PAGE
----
Witherspoon Street makes for a rehabilitation dilemma

Seeking a balance between improving properties and discouraging gentrification.

By: Jennifer Potash
   Princeton Borough officials may need to strike a balance between improving properties in the Witherspoon Street neighborhoods and not encouraging gentrification, which could force out longtime residents.
   That was one of the conclusions from a meeting of Princeton Future, a nonprofit citizens group that promotes a holistic approach to planning for downtown development, with the Borough Council on Tuesday.
   Princeton Future intends to draft a downtown master plan by October for consideration by the Princeton Regional Planning Board. The Princeton Community Master Plan is up for renewal this year and the Planning Board has begun its review.
   Princeton Future holds meetings with residents in various downtown neighborhoods and makes periodic reports to the Borough Council on the neighbors’ concerns as well as recommendations.
   In describing the likes and dislikes of the John-Witherspoon neighborhood at two meetings last month, residents favored the historic characteristics and objected to the overcrowded rental properties that harm the area by generating excess garbage and unkempt yards.
   Their concerns pointed out a problem the borough faces — improving the neighborhood but avoiding forcing out residents who could not afford more expensive, redeveloped properties.
   Developers constantly appeal to the borough for zoning changes in order to locate new housing units, stores and office space in the already densely packed Witherspoon Street area, Mayor Marvin Reed said.
   Lately, several multi-unit residential properties in the John-Witherspoon neighborhood have been up for sale in the $950,000 range, the mayor said.
   If the borough gives in and allows the changes, then the properties could be redeveloped and offered at prices out of the reach of many current John-Witherspoon neighborhood residents, the mayor said.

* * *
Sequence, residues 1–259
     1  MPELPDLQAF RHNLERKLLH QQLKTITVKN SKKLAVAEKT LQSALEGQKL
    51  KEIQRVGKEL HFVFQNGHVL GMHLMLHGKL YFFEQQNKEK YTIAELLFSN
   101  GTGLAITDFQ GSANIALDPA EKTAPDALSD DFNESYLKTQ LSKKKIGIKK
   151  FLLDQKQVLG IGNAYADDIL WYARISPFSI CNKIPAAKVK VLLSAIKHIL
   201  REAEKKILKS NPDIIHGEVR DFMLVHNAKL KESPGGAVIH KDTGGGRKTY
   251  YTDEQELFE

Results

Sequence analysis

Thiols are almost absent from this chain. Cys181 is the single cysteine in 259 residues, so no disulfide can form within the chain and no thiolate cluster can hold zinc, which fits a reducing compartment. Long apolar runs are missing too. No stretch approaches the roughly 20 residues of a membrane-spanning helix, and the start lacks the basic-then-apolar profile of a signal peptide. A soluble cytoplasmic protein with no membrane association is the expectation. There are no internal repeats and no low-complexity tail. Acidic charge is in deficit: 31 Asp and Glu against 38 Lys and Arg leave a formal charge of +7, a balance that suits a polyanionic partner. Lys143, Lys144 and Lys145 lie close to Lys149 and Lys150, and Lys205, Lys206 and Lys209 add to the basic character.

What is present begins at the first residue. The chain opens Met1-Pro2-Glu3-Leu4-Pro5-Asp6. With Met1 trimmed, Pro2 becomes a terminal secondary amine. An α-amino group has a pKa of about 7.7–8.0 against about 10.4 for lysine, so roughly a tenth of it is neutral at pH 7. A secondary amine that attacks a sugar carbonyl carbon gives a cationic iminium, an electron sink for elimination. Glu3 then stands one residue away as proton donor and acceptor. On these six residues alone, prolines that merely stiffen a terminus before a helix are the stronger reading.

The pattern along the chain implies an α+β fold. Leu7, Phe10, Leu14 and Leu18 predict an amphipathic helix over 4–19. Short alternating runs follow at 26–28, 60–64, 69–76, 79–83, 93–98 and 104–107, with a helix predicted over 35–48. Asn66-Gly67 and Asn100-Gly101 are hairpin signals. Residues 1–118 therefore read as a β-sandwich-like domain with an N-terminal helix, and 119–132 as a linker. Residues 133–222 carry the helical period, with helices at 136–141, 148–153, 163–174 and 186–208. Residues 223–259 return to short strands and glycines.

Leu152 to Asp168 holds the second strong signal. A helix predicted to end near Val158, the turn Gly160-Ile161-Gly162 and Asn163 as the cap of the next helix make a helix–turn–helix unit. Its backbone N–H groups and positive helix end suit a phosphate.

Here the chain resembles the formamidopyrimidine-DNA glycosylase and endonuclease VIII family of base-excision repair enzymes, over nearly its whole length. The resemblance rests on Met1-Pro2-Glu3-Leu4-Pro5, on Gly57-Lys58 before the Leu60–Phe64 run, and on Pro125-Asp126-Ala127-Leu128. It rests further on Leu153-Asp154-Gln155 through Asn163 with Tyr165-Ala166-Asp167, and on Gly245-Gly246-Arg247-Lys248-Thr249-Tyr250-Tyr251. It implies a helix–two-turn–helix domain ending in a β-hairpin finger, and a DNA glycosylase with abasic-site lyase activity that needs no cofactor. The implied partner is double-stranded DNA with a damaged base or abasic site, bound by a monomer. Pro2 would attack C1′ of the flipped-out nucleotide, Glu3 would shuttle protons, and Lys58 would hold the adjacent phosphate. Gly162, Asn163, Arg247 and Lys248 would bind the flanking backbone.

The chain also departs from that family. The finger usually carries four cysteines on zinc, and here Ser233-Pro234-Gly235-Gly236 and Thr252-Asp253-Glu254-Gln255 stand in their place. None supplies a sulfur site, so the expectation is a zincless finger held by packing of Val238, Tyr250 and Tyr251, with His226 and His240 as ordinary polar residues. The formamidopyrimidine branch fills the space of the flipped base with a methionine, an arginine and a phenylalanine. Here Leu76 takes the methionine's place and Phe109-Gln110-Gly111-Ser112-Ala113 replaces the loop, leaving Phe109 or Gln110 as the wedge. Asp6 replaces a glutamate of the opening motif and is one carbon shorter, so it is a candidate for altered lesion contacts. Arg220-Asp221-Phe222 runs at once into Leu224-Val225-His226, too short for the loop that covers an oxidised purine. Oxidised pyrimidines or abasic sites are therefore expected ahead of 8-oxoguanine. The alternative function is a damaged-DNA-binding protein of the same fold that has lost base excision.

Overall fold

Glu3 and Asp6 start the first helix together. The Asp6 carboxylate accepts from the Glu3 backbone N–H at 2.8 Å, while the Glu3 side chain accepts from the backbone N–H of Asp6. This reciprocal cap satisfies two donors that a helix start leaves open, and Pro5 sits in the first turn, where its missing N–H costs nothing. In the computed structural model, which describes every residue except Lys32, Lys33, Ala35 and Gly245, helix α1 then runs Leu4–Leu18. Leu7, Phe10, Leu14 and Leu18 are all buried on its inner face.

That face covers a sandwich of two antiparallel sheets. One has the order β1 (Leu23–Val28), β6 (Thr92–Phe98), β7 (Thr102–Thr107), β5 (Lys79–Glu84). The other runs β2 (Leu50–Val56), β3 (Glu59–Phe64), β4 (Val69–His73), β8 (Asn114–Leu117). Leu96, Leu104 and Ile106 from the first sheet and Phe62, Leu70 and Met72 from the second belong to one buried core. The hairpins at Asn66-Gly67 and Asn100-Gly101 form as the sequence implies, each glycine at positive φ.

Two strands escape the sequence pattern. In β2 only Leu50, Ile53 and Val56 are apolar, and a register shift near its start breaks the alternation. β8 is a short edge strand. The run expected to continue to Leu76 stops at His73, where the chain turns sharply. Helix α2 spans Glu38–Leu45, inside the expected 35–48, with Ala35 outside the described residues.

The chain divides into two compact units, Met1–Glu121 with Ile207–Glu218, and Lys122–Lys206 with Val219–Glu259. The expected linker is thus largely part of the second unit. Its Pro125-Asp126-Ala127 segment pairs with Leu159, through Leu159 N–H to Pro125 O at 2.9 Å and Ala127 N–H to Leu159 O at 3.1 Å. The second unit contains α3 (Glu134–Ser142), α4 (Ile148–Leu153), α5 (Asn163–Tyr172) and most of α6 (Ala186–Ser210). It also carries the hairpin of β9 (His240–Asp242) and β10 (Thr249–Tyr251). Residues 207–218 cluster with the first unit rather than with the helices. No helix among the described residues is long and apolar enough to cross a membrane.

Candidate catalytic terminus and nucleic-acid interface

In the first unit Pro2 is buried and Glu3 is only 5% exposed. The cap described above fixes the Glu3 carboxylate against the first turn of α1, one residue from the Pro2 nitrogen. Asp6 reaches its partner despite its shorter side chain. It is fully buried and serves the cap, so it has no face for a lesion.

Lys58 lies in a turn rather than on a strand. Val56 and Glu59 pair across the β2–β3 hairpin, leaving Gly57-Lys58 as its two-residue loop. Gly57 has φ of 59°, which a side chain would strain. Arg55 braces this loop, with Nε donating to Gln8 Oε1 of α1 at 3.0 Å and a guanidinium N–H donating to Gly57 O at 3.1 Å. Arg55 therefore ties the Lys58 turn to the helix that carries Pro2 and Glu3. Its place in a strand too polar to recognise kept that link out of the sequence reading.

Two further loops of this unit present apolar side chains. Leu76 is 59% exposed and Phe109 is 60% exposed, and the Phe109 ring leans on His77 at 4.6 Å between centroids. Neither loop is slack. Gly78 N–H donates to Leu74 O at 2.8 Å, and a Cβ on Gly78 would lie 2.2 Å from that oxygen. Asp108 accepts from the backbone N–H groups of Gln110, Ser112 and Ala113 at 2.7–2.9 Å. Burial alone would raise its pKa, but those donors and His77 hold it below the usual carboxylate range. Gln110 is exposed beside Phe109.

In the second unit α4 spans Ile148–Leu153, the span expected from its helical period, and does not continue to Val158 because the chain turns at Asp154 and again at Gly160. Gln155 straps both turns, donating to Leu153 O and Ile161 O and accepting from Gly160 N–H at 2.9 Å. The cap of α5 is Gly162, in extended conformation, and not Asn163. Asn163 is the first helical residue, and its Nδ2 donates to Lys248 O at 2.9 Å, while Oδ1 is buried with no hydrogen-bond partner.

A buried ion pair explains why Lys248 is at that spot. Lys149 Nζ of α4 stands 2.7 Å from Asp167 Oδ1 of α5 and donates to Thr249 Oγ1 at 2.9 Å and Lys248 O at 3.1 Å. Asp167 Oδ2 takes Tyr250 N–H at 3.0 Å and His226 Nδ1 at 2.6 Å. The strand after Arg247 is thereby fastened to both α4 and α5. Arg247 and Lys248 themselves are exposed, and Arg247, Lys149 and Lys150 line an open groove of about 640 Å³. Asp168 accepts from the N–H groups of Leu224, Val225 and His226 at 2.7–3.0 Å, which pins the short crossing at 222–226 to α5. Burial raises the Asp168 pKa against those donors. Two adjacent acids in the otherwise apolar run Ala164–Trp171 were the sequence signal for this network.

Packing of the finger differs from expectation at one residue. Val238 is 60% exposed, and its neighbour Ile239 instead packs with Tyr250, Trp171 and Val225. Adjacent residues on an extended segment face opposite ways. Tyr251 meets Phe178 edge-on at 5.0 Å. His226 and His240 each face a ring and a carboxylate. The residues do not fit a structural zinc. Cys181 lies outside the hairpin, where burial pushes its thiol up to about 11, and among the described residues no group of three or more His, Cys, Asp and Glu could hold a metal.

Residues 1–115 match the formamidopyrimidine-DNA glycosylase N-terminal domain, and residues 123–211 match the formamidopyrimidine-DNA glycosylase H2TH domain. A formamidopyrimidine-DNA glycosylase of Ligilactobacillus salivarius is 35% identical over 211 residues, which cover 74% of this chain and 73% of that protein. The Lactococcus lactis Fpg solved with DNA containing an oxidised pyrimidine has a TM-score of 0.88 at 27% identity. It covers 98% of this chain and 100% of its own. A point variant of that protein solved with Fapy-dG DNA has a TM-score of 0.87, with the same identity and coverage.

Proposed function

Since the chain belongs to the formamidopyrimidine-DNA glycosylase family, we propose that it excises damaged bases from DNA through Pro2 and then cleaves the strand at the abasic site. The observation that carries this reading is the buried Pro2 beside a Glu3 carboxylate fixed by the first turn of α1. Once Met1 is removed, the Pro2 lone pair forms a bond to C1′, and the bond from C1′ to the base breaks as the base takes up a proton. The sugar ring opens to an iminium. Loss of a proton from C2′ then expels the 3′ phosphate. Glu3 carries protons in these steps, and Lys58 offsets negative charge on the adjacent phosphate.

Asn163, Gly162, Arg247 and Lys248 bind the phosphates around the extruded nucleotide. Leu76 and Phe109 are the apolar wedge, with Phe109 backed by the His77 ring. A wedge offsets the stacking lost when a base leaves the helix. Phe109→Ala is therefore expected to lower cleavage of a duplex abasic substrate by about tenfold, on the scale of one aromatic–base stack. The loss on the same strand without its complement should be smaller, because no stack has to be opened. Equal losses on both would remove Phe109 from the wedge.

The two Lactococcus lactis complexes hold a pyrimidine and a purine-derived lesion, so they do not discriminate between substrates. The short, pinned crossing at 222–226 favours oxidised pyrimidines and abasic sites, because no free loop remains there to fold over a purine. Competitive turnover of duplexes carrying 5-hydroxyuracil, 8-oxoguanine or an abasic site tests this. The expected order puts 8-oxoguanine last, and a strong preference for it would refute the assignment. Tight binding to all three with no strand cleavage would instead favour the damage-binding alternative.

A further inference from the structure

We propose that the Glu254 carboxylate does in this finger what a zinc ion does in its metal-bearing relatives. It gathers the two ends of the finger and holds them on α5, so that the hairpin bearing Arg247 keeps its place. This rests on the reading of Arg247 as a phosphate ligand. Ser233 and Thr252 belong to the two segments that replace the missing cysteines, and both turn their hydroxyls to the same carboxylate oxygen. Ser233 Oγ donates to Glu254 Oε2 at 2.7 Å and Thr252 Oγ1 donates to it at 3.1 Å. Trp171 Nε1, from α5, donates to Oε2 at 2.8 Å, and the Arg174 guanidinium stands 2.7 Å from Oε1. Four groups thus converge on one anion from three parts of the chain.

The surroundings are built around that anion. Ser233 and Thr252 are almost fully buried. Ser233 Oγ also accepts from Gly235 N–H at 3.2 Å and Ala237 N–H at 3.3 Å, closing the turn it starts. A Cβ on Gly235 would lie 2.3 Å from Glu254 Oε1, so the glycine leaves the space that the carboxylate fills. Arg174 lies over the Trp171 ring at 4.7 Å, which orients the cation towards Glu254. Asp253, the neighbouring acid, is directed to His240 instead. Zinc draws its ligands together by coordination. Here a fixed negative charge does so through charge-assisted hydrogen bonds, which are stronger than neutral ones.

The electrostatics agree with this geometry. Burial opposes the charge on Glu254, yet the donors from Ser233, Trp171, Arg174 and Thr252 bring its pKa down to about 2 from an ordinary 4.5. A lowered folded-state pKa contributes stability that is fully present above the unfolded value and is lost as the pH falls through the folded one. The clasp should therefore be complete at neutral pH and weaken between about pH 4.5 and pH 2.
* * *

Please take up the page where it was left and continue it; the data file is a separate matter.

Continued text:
The neighborhood, bounded by John and Witherspoon streets, is the historically black section of Princeton Borough and one of the most densely populated.
   The gentrification of the neighborhood is a major concern among the residents, Council President Mildred Trotman said. But Councilman David Goldfarb said outside interest in improving the neighborhood should not be dismissed out of hand.
   "I’m afraid we’re using the word gentrification a little too broadly,” he said. "Pushing to fix up houses is generally a good thing and we should not be encouraging the neighborhood to aspire to shabbiness to avoid gentrification."
   Princeton Future has raised the possibility of creating an equity fund, supported by donations, in which a nonprofit group could help neighborhood residents launch small businesses or as a group purchase troubled or overcrowded residential properties.
   Residents of the neighborhoods along Witherspoon Street have long complained about the heavy volume of traffic during the morning and evening rush hours.
   During Princeton Future meetings, the possibility of jitney or other on-demand service was received positively by many residents.
   But a jitney route serving the Witherspoon Street corridor, at an estimated cost of $1 million, might not draw enough riders to be a cost-effective alternative, said Robert Brown, an urban planner working with Princeton Future on the downtown master plan.
   Another option may be to partner with Princeton University to expand its on-campus shuttle system to off-campus locales, said Councilwoman Wendy Benchley.